Can Acupuncture Be Used To Induce Labor?

It is a common question in my practice, “have you induced labor with acupuncture.” The answer is a profound yes. I have induced several women and have watched other practitioners induce many more. All of the women I have seen use acupuncture induction gave birth within 48 hours. They were all slightly “over due” according to their physicians. They all sought out acupuncture as an alternative to Pitocin. The average labor time was 4 – 5 hours.

Understanding how acupuncture can induce labor:

Acupuncture is different than western induction drugs. It is an alternative to Pitocin,

yet acts in a very different way. First lets look at Pitocin. Pitocin creates an

immediate reaction which begins labor whether the mother’s body and baby are

ready or not. Contractions start almost instantly with pitocin in labor induction,

making it an extremely predictable drug. However, the effects of pitocin on children

are not fully known. Possible side effects for the mother have been reported to


  • Anaphylactic reaction
  • Postpartum hemorrhage
  • Cardiac arrhythmia
  • Fatal afibrinogenemia
  • Nausea
  • Vomiting
  • Premature ventricular contractions
  • Pelvic hematoma

Using acupuncture to induce labor is a whole different experience. Depending on

the practitioner, acupuncture needles are inserted into strategic locations in the

hands, lower leg, and feet. These needles are not like what the average person

thinks of when they imagine getting a shot. The needles are solid, yet extremely

thin (about 5 can fit inside the hole of your average hypodermic needle). For the

most part the insertion does not produce pain. The needles create a stimulation in

the body which is used to reprogram the mother’s energy in such a way as to get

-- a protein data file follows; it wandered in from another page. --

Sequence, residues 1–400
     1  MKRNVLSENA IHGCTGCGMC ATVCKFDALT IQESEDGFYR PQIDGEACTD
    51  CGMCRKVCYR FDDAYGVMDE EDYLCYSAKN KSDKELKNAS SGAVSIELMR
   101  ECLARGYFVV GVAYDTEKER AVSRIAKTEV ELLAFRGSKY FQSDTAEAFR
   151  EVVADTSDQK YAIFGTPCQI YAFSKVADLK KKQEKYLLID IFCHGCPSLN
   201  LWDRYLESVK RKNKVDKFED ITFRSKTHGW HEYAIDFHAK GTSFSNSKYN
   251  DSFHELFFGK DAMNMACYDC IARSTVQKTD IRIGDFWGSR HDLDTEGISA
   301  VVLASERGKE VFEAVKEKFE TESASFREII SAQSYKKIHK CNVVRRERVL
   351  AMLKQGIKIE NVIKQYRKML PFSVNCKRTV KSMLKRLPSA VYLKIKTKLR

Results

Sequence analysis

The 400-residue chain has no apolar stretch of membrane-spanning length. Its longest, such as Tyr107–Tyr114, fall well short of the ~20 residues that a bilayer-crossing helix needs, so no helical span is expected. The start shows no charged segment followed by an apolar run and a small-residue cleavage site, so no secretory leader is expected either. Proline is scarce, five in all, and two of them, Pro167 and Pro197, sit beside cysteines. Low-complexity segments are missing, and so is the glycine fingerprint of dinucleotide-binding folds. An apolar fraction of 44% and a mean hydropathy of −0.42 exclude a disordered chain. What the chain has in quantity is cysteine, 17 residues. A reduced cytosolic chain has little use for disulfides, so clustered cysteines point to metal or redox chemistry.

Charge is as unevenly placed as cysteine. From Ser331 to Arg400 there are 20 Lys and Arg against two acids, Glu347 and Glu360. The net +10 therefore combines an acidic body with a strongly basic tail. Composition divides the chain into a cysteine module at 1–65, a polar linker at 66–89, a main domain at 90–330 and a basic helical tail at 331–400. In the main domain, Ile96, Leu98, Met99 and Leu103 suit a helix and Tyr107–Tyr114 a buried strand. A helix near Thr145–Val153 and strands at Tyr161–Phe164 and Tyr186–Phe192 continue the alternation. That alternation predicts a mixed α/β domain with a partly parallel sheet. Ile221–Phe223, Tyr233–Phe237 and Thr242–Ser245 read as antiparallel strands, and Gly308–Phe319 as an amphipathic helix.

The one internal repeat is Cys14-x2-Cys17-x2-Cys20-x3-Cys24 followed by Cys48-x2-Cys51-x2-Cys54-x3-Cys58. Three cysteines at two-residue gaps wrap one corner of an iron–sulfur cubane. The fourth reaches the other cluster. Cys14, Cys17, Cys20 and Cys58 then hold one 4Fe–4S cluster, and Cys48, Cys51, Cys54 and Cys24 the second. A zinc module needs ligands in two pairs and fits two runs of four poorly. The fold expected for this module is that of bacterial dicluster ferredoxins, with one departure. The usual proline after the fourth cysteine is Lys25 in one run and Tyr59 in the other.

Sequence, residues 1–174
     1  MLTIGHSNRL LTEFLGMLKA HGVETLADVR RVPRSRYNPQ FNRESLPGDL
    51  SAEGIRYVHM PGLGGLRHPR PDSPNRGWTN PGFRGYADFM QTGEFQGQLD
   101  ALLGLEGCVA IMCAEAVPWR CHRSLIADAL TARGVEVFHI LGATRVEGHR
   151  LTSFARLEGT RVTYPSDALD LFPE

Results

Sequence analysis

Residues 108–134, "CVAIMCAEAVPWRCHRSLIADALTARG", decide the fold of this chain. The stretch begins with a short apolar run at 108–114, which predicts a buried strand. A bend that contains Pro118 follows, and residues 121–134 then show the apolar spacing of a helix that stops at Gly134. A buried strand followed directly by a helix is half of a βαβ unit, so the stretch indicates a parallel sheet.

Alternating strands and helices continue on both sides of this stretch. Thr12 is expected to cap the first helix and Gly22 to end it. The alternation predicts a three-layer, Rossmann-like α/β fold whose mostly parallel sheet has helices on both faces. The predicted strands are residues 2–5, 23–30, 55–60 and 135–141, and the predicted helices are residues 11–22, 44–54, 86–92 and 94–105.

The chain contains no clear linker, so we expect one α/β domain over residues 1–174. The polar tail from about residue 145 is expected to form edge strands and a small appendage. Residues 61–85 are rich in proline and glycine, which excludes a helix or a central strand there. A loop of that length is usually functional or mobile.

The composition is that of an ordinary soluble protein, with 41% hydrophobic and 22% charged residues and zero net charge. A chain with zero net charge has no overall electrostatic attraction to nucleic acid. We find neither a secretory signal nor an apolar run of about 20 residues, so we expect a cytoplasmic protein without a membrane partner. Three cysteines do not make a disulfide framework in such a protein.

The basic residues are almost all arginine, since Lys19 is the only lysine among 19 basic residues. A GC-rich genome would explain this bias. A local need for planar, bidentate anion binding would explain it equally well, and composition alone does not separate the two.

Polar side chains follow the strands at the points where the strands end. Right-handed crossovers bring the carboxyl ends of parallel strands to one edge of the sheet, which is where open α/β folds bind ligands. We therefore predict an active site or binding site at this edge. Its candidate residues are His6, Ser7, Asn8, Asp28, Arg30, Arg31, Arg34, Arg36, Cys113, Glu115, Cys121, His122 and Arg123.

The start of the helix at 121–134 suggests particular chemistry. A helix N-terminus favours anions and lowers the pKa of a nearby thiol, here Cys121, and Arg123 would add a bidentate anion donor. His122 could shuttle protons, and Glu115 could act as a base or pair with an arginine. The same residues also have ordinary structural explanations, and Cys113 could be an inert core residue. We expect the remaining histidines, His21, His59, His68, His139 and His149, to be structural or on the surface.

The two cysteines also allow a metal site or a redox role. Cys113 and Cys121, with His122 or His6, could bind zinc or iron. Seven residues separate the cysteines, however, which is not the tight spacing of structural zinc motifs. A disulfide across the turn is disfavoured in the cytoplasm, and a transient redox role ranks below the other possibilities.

her body ready for labor. With some women this can be a significant change, as I

will describe in a minute. Labor is rarely expected to start right away, although I

have been lucky enough to witness it on several occasions.

Birth Stories With Acupuncture

#1 – My first acupuncture induced labor – Observation Clinic with Dr. Daniel


I mentioned that for some women, acupuncture induction can create a significant

reaction in the women being treated. The first time I ever witnessed acupuncture to

induce labor was in an acupuncture techniques class. My teacher, Daniel Diamond,

was looking for a subject to discuss for the evening. One of my classmates was a

day overdue for her child’s birth and decided to be the volunteer for the day’s

discussion rounds. Needles were inserted in the hands and feet with electro-

stimulation set to mild (many practitioners use electro-stimulation for inducing

labor. I do not as I have not found it necessary, however, it is safe and effective as

the levels are set to very low and the electricity is not allowed to pass through the

uterus). Within five minutes my classmate, the women being treated, started to have

contractions. She packed up her bags in the middle of class and left the classroom

to give birth to her child within five hours of the end of class.

#2 – My first time inducing labor with acupuncture:

Sarah, a 20 year old women came into my clinic complaining of being overdue for

her delivery by one and a half weeks. She had already seen two other student

acupuncturists who had both provided her with the textbook induction technique of

four needles, one in each hand and foot, combined with electro-stimulation. I

wanted to do something different. I sat down with her and talked about her

pregnancy. Her partner paced around in the background and when they

communicated I sensed some tension. So, what to do? Acupressure induced labor….

In Acupuncture and Acupressure there are “pressure points” on top of the shoulders

that can be stimulated to induce labor. Yes it is a wives tail if you have never seen it

done (it will probably not work and can be categorized as myth), but it works if you